Fresh Pasta…should I bother?

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You might have a crank pasta machine stuck in the cabinet, or thought about getting one in the home goods section of a discount store.  (I would recommend that as you can usually find one at half price.)  Well, yes, if you have an extra 20 minutes or so and enough eggs in the fridge, it’s definitely worth it.  There is a world of difference in the taste and consistency from the standard box of dried pasta.  I am a strong believer in the energetics of food.  You might be consuming calories when you eat something processed, but it just doesn’t seem to sustain you for long.  It’s kind of like eating food at a buffet…which has always made me feel like a farm animal at feeding time.  It is usually food prepared in mass quantity with vats of pre-made sauces, and not much of the cook’s energy.

So do yourself, family and friends a favor and break out the machine for an incredible meal.  When I was growing up, we would often make fresh pasta when we had dinner guests.  Keeping traditions is a good idea.  A simple fresh tomato sauce will be enough but anything will do.  It cooks very fast (just a few minutes in boiling water.)

The traditional way is to put the flour on the counter, crack some eggs into a well and knead away…but, I like doing things a little easier and with less mess.  Put about 2.5 cups of flour into the food processor.  Add four eggs.  I like to add a few spices like garlic powder and paprika.  Let it process and the dough will come together in a ball.  Account for the fact that all flours are not created equal and eggs come in various sizes.  So if you find it is too sticky or too dry, adjust accordingly.  Unlike pastry dough, it won’t be overworked.  When the ball feels like it has give but doesn’t cling to your finger like a string of melted cheese,  take it out of the processor, wrap it in plastic and let it sit on the counter for about 20 minutes.  You have to let the gluten relax so it’s easy to work with.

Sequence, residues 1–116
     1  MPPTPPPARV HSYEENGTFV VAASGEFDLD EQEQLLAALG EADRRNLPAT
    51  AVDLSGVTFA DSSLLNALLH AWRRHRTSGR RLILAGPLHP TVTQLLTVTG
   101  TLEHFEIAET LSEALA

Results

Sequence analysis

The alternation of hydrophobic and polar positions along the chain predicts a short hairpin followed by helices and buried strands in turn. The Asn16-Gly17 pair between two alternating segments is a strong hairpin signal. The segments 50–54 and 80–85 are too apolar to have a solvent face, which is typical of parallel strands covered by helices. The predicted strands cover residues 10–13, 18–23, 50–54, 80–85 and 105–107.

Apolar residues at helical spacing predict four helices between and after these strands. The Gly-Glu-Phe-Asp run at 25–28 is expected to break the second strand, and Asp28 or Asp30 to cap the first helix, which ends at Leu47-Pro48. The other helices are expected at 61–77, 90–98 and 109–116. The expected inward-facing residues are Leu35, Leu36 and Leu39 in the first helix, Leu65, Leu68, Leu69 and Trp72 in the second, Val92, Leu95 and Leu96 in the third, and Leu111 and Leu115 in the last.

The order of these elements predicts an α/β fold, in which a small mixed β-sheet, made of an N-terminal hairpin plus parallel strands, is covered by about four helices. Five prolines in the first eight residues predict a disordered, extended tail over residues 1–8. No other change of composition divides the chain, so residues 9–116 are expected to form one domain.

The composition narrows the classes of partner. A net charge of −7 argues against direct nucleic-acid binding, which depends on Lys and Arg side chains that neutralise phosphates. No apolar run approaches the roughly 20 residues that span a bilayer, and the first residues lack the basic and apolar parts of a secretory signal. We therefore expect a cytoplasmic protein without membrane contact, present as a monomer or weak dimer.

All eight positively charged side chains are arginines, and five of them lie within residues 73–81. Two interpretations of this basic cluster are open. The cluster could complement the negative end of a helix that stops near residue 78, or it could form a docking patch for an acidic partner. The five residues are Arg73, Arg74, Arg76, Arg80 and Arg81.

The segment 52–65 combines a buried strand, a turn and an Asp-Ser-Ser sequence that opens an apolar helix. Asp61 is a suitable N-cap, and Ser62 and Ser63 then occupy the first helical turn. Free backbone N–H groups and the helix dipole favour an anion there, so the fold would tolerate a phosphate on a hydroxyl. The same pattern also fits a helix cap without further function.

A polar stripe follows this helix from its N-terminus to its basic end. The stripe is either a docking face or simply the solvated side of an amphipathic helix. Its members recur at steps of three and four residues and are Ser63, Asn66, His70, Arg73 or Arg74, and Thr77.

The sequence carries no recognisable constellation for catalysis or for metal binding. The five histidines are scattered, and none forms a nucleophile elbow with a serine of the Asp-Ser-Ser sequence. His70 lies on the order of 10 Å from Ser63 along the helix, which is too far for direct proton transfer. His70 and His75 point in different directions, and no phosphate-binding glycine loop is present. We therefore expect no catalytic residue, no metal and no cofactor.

DSC_8943 DSC_8969 flat pasta

Keep the flour handy.  Cut that ball of dough into about six parts and flatten them out a bit into rectangle shapes.  Get a drying rack for your pasta if you don’t have one.  Yes, you can use a floured towel, but that is something of a messy business and you are likely to get some strands stuck together.  The drying rack is a simple affair of dowels projecting from a center piece.

Pasta machines have two sides.  One is for rolling out sheets in progressively thinner strips.  Usually, I go up to 5, which I find to be the perfect thickness for the fettucine i like to make.  Lightly dust each side of the pasta with flour if you find it at all sticky or it will get stuck and distorted or tear when you run it through.  When the thickness of the sheet is right, put the crank on the other side and run it through and watch your pasta get sliced into perfectly sized strips.  Support with your opposing hand as you crank it through, and then drape it over one of the dowel rods as you move onto your next rectangle.

When it’s all cranked out and draped and your sauce is ready, slip it all from the dowels into your boiling water and dinner will be ready in 2-3 minutes.

The only problem with this is that you and your dinner mates will now ALWAYS want fresh pasta instead of the stuff in a bag or a box.

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